Empowering young learners online


Classroom learning or lessons carried out within a specific space was the norm in schools and universities before the pandemic.

THE use of online learning tools has increased and triggered new ways of learning, and two academics reveal in their research how timely and relevant digital education is especially during the Covid-19 pandemic.

Assoc Prof Phawani A. Vijayaratnam and lecturer Wan Noor Farah Wan Shamsuddin from Inti International University’s Centre of Liberal Arts and Languages, in their separate findings, said online learning had its own set of positives and negatives.

They were also of the view that by understanding this, institutes could create strategies for more efficient delivery of online lessons to ensure an uninterrupted learning journey for students.

“The pandemic was an unavoidable disruption that brought the teaching fraternity together to think of novel ways of using technology to transform online teaching and learning, making it a positive learning curve for the community, ” said Phawani on one of the positive points born of the crisis.

“Institutions in their own ways have sought various Learning Management Systems (LMS) to replace traditional face-to-face learning.

“They are also proven to be efficient supporting platforms for students all around the world.”

Although learning platforms used by institutions differed, Phawani’s research showed that instructors used a structured academic approach revolving around interactivity and action to address each student’s varying needs.

Her research revealed that educators designed comprehensive and creative plans to keep students continuously engaged with course content besides giving room for remote collaboration among classmates.

Consideration was given in providing a rewarding student experience as well.

It also showed that teaching innovation stepped up to promote learning continuity among lecturers and students.

“The findings reveal that the use of creative instructional strategies has taken teaching innovation to a different level.

“The voices from faculty revealed novel teaching techniques they employed although the techniques came with challenges and frustrations, ” Phawani revealed in her research with her counterparts from Inti and HELP universities.

Meanwhile, Farah –- in studying the benefits and setbacks of online learning especially when the movement control order was announced last year -– highlighted that Blackboard, an LMS used by Inti years before the pandemic broke out, provided students with learning convenience.

The user-friendly interface helped local and international students to access information almost right away.

“A majority of students believe that Blackboard is the right tool to replace face-to-face lessons during lockdown.

“Apart from its flexibility and accessibility, Blackboard has helped students easily grasp new information taught in their online classes, ” she elaborated.

While students in the past have raised concerns about moving from a traditional classroom to a virtual platform, the pandemic has shown its advantages, such as allowing students to be closer to home while still working towards getting a recognised qualification.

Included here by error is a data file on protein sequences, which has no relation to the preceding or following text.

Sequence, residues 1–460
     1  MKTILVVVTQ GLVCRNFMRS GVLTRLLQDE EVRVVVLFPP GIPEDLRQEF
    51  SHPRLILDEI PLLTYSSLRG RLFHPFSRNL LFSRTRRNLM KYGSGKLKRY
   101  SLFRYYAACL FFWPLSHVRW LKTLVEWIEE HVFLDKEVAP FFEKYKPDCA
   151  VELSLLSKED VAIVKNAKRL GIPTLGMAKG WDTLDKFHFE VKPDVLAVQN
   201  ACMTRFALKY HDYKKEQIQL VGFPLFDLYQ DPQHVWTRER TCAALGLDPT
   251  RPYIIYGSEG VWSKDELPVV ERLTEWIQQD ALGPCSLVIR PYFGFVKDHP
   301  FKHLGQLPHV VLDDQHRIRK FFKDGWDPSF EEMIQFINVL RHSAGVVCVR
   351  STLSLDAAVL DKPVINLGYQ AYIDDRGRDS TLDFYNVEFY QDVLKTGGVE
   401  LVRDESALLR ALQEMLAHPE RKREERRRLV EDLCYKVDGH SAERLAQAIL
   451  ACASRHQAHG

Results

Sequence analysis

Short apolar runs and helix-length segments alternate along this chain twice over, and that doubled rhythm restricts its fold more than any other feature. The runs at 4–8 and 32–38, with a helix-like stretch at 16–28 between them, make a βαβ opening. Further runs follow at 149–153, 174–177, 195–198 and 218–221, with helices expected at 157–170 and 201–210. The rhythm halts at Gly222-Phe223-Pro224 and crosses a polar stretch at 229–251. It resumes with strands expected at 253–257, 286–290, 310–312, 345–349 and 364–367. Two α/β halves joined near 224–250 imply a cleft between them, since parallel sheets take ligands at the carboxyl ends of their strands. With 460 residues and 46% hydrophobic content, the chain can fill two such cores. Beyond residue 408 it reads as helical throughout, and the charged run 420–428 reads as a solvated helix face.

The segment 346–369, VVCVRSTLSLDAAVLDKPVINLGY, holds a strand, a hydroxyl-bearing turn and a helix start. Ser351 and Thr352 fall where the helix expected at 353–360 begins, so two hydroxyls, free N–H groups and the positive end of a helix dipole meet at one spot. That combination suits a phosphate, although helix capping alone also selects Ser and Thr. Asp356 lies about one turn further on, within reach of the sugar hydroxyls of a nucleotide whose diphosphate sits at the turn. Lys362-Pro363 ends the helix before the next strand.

Farah’s research also showed that having a comfortable virtual learning experience had become a vital enabler for students to still continue their academic and professional development, especially in higher education institutions around the world.

“However, the study I conducted with my colleagues also found the drawbacks of online learning during the lockdown.

“These include Internet connectivity issues, lack of motivation to concentrate during online classes and lecturer competence in conducting online lessons, ” she said, while reiterating that it was important for instructors to consider these factors.

This finding, however, applied to the earlier part of the MCO, in which both students and lecturers were still transitioning from face-to-face to online mode.

Interestingly, Phawani’s research, which was conducted some time later, found that these drawbacks had taken a positive turn, especially with more professional training provided to equip lecturers on how to improve their online teaching.

Both findings concluded that during these challenging times, online learning was a means of empowering young learners for education continuity.

Flexibility, a plus point of online learning, allows content to be accessed over and over again at any convenient time — a factor that is especially helpful not just for first semester students but also those in their final year.

Each individual differs in the way they absorb knowledge, and for some, learning from home may be more appealing than in a classroom full of people and distractions.

Article type: metered
User Type: anonymous web
User Status:
Campaign ID: 46
Cxense type: free
User access status: 3
Join our Telegram channel to get our Evening Alerts and breaking news highlights
   

Next In Metro News

Flood mitigation work in Klang to start next year
Keeping rubbish ‘in-house’
MBSJ to speed up business-related applications
MBPJ to engage with residents on community gardening issues
6,800 warrants issued for failure to pay assessment
PPSB: No need to increase passenger boat frequency
Contest winners picked for creative videos highlighting environmental problem
Ratepayers frustrated with MPAJ app’s glitches
Sinovac and AstraZeneca vaccines now available for those who prefer them over Pfizer
Tourist guides attend SOP training session before travellers arrive

Others Also Read


Vouchers